Late on Thursday evening, it was announced that Trump had been diagnosed with COVID-19. He was flown to Walter Reed National Military Medical Center in Bethesda, Maryland, on Friday. Since that time, it has been a challenge to get accurate information on his condition. What are we to make of all of this?
Taiwanese and the US officials and military experts will meet over video conference for the 2020 US-Taiwan Defense Industry Conference, which began Monday, "to discuss which weapons would be best for the island’s self-defense as tensions escalate between the two sides of the Taiwan Strait," the South China Morning Post reported Monday. Is this just another conference, or should we be paying closer attention to what’s going on here?
Initially, it was rumored, and now it is being reported that it has happened. "Iraq's prime minister on Saturday confirmed at least 2,500 US soldiers have withdrawn amid increasing 'annoyance and concern' from Washington over repeated attacks on assets in the country," The New Arab reported Sunday. What are we to make of this?
"Venezuela’s gasoline shortages look like they’re going to be relieved, at least for now," Antiwar.com reported Sunday. "The third of Iran’s three fuel tankers that were dispatched has entered Venezuelan waters this weekend, and the first two tankers have already docked and begun delivery." Is this a signal that the US is not willing to directly engage with Iran on this issue?
"Two days ago Columbia College undergraduates voted overwhelmingly to divest from companies that profit from or engage in the State of Israel’s acts towards Palestinians under 'apartheid' law," Mondoweiss reported Saturday. "The university’s president Lee Bollinger promptly repudiated the vote saying it was a 'complex' issue on which no campus consensus exists." Rashid Khalidi, a professor of history at Columbia, is quoted by Mondoweiss as noting, "There was a similar vote at Barnard College in 2018 and another recently at University of Illinois [Urbana-Champaign]." What's going on here?
"The international chemical weapons watchdog said on Friday that two investigations into alleged attacks in Syria could not establish whether or not chemicals were used," Antiwar.com reported Friday. "The Organization for the Prohibition of Chemical Weapons (OPCW) released Fact-Finding Mission (FFM) reports on two alleged attacks, one in Saraqib, Syria, on August 1, 2016, and one in Aleppo, Syria, on November 24, 2018." What are we to make of the fact that the findings are inconclusive?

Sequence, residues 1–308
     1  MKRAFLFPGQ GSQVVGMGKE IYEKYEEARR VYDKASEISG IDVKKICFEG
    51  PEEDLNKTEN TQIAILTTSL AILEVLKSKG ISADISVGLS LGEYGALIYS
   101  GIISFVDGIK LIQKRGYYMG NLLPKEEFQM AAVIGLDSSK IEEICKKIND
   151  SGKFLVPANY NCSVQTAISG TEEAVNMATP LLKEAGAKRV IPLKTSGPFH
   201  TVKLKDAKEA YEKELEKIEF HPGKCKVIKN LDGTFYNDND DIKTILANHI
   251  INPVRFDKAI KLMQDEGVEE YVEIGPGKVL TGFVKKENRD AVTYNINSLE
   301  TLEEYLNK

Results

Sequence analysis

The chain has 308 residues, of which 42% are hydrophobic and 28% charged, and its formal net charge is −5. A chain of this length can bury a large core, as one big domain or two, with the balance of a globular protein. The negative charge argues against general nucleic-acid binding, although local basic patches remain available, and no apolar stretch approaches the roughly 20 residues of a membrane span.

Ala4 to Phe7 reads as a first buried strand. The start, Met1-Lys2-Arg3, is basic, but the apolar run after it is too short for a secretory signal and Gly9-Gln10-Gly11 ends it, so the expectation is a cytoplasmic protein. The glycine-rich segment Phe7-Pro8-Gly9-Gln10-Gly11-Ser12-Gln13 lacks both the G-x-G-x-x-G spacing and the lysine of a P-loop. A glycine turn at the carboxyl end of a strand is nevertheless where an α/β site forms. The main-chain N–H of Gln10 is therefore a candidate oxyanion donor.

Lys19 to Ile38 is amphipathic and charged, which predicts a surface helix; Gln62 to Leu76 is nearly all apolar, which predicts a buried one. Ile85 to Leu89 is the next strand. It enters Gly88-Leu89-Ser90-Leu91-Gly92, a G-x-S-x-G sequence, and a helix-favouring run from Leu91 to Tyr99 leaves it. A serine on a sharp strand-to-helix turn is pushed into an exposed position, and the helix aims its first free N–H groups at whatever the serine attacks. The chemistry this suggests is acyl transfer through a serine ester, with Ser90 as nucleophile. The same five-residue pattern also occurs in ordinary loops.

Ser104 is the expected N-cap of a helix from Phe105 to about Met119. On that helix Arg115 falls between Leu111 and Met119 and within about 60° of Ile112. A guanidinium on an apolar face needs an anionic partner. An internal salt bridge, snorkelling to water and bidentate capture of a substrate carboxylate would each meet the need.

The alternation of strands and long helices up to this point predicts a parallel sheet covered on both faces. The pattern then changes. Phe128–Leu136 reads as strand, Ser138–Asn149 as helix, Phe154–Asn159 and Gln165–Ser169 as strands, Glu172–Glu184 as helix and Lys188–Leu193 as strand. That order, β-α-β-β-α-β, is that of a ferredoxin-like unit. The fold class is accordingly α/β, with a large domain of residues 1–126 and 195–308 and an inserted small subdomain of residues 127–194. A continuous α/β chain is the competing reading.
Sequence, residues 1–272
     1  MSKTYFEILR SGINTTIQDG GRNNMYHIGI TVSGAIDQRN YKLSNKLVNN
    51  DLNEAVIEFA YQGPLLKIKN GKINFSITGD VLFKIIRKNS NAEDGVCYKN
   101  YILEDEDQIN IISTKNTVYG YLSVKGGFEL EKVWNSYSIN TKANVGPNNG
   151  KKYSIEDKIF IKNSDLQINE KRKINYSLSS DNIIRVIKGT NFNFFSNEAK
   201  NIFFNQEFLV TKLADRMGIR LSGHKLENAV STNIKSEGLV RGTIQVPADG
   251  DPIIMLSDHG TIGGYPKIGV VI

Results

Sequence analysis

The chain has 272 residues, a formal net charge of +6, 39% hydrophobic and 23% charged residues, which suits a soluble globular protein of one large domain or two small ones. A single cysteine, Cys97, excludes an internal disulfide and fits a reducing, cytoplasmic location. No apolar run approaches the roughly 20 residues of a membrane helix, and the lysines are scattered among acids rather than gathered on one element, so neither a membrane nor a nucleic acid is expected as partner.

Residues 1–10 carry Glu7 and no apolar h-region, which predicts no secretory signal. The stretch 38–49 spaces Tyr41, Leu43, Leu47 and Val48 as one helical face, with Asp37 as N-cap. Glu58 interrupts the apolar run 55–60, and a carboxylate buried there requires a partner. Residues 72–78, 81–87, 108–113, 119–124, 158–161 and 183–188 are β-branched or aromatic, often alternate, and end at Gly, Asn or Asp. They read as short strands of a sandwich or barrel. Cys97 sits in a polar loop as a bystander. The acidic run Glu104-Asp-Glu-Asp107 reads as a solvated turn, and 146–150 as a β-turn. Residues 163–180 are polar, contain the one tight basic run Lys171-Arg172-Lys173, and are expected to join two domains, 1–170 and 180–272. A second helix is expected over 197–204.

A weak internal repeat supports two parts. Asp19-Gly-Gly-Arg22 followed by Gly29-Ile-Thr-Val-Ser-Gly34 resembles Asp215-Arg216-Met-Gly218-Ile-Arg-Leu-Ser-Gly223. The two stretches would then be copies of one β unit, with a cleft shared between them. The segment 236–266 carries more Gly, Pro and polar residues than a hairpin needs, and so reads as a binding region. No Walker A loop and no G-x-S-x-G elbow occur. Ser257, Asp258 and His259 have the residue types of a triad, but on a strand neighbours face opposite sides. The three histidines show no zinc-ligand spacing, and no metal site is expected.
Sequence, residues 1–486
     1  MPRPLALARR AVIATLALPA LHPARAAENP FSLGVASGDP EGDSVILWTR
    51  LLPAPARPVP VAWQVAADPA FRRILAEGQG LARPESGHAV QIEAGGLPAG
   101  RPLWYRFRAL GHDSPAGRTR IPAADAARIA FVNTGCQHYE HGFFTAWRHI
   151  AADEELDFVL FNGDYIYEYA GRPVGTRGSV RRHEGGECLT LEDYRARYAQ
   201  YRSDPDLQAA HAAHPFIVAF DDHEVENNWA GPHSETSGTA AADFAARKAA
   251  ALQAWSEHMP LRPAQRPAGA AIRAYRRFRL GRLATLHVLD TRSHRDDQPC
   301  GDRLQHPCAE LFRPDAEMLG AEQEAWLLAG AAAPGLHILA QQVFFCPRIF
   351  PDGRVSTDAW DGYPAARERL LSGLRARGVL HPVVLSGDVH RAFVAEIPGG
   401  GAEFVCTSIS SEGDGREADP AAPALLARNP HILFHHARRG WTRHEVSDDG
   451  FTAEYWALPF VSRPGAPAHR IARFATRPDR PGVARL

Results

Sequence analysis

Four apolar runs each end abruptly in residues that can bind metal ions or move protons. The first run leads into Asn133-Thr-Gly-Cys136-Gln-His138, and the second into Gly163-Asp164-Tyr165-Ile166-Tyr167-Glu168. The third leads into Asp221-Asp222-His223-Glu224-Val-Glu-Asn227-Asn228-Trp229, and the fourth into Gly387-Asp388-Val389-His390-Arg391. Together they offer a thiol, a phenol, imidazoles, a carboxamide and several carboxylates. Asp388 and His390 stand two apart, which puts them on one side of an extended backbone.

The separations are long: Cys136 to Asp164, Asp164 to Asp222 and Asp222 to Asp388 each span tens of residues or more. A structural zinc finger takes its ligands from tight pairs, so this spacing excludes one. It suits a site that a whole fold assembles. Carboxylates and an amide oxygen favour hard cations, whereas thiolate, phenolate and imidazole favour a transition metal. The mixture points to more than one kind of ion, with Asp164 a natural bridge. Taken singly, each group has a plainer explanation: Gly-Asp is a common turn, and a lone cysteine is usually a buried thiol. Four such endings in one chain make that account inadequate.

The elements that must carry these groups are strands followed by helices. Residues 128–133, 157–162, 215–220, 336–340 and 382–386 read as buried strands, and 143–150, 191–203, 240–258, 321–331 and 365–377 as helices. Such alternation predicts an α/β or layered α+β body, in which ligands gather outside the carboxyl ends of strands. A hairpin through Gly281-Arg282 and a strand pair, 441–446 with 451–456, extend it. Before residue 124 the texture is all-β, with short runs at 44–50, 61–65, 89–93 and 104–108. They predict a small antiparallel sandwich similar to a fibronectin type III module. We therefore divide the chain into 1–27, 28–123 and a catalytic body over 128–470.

Russian intelligence alleged that Hillary Clinton backed a plan in 2016 to tie then-GOP presidential candidate Donald Trump to Russian President Vladimir Putin and the hacking of Democratic National Committee emails, according to a letter last week from US Director of National Intelligence John Ratcliffe, which Democrats have dismissed as a smear. What else is alleged?
"The United States and Russia will hold a round of nuclear arms control talks in Finland’s capital, Helsinki, on Monday to follow up on negotiations in Austria this summer, the Finnish president’ office said," the Associated Press reported over the weekend. Is this substantive or window dressing?
Dr. Jehan "Gigi" El-Bayoumi - Internal medicine specialist and founder and executive director of the Rodman Institute of the George Washington University School of Medicine and Health Sciences
George Koo - Journalist, social activist, international business consultant and chemical engineer
Seyed Hossein Mousavi - Former Iranian nuclear negotiator and current researcher at Princeton University
Yves Engler - Montreal-based writer, author and activist
Nino Pagliccia - Venezuelan-Canadian statistician, author and activist
Miko Peled - Author and activist
Alexander Mercouris - Editor-in-chief of The Duran
Ray McGovern - Former CIA analyst and co-founder of Veteran Intelligence Professionals for Peace
Mark Sleboda - Moscow-based international relations and security analyst
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